It's been nearly three months since Drew Brees announced his retirement following a brilliant 20-year run as a quarterback for the Saints and Chargers. Brees' retirement was finalized by the NFL on Friday, with about a month to go before the Saints begin their first season without Brees since 2005.
In announcing Brees' retirement being finalized, the Saints' Twitter summed up how their fan base is probably feeling. Along with a photo of Brees' retirement papers, the Saints' also included a somber Woody from the hit movie series "Toy Story." But instead of saying goodbye to his longtime human Andy who is all grown up, Woody was essentially bidding adieu to arguably the greatest player in Saints history.
Brees departs the NFL as one of the most accomplished signal-callers in league history. A second-round draft pick of the Chargers in 2001, the Purdue product hangs up his cleats as the NFL's all-time leader in career passing yards, completions and completion percentage, not to mention five All-Pro honors, two Offensive Player of the Year awards and the Super Bowl XLIV MVP.
"When I was hired by the Saints as a head coach in 2006, the very first goal was to establish a functional and winning culture," Saints coach Sean Payton said shortly after Brees announced his retirement, via Nick Underhill. "In doing so, it was vital to know what we were looking for in a player, talent, work ethic, makeup, intelligence and leadership are all qualities we found in Drew Brees. We also found a player with a burning desire to win. Within a year, he helped lead our team to the club's first NFC championship appearance.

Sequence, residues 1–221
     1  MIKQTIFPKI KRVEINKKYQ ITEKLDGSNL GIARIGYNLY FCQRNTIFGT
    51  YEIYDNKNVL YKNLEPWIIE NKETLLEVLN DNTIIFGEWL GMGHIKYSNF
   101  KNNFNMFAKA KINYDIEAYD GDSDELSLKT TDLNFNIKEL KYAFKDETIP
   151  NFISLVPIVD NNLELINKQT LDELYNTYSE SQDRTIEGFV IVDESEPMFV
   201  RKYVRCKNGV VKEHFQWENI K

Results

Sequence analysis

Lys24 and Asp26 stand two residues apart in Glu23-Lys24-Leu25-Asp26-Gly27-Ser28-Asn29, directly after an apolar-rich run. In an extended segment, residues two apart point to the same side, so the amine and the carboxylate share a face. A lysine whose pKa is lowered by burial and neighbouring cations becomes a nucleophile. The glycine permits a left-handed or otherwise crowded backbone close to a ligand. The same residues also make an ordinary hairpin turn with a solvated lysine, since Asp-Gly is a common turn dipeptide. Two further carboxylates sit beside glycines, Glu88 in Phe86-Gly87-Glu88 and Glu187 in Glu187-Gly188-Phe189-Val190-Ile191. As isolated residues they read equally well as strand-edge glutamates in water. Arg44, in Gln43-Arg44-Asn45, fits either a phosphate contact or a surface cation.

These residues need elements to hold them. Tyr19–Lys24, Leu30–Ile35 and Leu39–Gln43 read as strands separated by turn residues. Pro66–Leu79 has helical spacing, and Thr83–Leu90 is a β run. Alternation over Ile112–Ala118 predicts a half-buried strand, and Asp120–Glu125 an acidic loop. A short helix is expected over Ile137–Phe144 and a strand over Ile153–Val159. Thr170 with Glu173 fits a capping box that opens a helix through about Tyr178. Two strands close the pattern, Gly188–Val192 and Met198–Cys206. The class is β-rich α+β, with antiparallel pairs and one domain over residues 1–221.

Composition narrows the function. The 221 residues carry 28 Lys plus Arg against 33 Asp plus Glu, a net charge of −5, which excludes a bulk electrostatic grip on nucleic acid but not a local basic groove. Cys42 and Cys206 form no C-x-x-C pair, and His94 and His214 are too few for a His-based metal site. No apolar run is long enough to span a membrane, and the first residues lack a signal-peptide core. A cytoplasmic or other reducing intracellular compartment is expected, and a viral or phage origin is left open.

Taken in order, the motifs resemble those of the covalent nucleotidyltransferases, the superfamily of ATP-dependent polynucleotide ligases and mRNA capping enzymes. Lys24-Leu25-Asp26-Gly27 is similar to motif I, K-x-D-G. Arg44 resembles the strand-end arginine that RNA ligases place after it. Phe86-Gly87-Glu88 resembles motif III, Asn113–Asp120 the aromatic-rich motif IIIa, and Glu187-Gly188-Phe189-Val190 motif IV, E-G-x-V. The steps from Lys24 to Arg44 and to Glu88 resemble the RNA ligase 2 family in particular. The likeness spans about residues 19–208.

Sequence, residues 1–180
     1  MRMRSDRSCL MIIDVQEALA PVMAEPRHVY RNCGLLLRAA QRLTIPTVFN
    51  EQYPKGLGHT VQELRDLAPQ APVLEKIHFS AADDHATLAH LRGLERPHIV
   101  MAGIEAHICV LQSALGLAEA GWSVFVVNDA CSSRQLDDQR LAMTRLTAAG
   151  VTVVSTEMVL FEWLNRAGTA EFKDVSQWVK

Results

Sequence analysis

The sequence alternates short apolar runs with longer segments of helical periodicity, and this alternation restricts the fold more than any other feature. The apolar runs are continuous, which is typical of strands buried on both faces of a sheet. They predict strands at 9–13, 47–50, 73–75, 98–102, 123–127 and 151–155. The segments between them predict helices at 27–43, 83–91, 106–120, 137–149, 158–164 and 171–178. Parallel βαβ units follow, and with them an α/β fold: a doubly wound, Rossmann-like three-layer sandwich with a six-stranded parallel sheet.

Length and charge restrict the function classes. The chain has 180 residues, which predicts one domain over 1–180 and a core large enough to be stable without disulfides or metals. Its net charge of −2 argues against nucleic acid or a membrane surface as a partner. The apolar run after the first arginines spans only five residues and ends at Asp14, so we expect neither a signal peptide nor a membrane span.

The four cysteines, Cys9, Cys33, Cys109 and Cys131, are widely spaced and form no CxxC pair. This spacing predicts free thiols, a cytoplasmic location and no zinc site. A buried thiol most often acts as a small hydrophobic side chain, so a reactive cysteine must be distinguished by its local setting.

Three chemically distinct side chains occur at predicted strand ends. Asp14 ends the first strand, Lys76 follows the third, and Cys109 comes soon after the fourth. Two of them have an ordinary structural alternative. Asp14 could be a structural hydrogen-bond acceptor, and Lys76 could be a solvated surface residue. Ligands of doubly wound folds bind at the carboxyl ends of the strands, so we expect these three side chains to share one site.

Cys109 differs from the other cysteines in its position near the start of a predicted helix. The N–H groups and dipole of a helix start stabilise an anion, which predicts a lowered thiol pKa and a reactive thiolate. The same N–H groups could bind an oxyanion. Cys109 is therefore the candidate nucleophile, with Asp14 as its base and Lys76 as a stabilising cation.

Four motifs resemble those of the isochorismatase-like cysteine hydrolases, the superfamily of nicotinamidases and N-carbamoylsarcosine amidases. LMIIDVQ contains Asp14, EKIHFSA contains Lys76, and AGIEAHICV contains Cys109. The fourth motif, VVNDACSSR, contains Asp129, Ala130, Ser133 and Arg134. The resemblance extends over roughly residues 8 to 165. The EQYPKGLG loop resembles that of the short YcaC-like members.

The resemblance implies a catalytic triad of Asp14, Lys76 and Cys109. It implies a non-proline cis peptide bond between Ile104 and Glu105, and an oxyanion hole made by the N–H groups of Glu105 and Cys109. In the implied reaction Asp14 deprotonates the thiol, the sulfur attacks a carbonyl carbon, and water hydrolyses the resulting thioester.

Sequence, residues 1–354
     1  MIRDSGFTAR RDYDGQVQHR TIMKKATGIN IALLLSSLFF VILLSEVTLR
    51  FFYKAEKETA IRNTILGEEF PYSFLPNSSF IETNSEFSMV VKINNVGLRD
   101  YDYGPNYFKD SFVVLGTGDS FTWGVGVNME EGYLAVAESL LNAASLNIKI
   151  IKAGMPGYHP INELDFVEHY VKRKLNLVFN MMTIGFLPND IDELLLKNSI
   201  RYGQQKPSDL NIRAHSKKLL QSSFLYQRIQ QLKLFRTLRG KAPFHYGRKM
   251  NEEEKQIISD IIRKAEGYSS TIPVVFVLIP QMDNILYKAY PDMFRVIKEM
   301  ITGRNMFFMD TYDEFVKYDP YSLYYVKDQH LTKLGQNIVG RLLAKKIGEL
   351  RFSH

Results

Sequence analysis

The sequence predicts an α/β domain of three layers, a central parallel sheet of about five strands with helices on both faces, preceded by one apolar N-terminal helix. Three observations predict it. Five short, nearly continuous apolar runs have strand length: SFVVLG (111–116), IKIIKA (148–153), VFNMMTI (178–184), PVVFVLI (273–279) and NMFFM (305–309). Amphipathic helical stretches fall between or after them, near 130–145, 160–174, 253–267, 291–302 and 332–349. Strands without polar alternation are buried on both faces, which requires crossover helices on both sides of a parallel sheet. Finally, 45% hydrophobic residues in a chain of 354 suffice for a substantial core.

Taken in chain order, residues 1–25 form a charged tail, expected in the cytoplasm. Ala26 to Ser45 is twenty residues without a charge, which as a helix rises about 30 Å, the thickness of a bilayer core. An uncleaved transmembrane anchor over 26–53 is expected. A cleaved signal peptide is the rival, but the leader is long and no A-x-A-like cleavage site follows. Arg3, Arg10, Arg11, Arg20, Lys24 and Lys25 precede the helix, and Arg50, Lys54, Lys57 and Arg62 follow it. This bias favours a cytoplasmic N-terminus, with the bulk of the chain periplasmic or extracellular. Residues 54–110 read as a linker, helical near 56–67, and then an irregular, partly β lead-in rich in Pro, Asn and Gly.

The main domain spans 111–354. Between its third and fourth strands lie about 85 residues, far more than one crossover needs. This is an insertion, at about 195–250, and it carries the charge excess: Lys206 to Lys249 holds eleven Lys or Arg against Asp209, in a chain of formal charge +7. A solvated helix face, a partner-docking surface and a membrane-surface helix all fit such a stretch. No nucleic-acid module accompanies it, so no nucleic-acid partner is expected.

"Throughout his career, his consistency and dedication and excellence were unparalleled. In a very short period of time, he would help lead a region to recovery and a team to a Super Bowl championship. He was a magnificent leader both on and off the field. His attention to detail and competitive spirit were infectious. For all of us that have had the chance to coach him, it has been our privilege, we are better for it.
"I am forever grateful for what has done for our team, our community and for me personally."
Brees flashed with the Chargers during the first five seasons of his career, peaking in 2004 with a 27-touchdown campaign to help lead San Diego to a 12-4 finish. He'll be remembered most, however, for redefining his legacy in New Orleans -- which signed him in 2006 following a season lost to a torn labrum -- and got 15 years of arguably the steadiest QB production of the entire NFL. From 2006 to 2018, Brees missed just two starts for the Saints, seven times leading the league in passing yards, five times eclipsing the 5,000-yard mark and 10 times throwing at least 30 touchdowns.
Injuries hampered Brees during his final two seasons with New Orleans, as the veteran missed five games in 2019 and another four in 2020, but his numbers hardly ever slipped from the time he debuted with the Saints until the time he said goodbye to the Superdome. In nine of his final 12 NFL seasons, Brees posted a passer rating above 100, logging a career-high 116.3 in 2019. He was arguably the chief reason for New Orleans' postseason consistency under Payton, helping guide the Saints to nine different playoff appearances and captaining the franchise to its first-ever Super Bowl victory in 2009, defeating Peyton Manning and the Colts.
"Each day, I poured my heart and soul into being your quarterback," Brees wrote his retirement announcement. "Till the very end, I exhausted myself to give everything I had to the Saints' organization, my team and the great city of New Orleans. We shared some mazing moments together, many of which are emblazoned in our hearts and minds and will forever be a part of us. You have molded me, strengthened me, inspired me, and given me a lifetime of memories. My goal for the last 15 years was striving to give you everything you had given to me and more.
"I am only retiring from playing football, I am not retiring from New Orleans. This is not goodbye, rather a new beginning. New my real life's work begins!"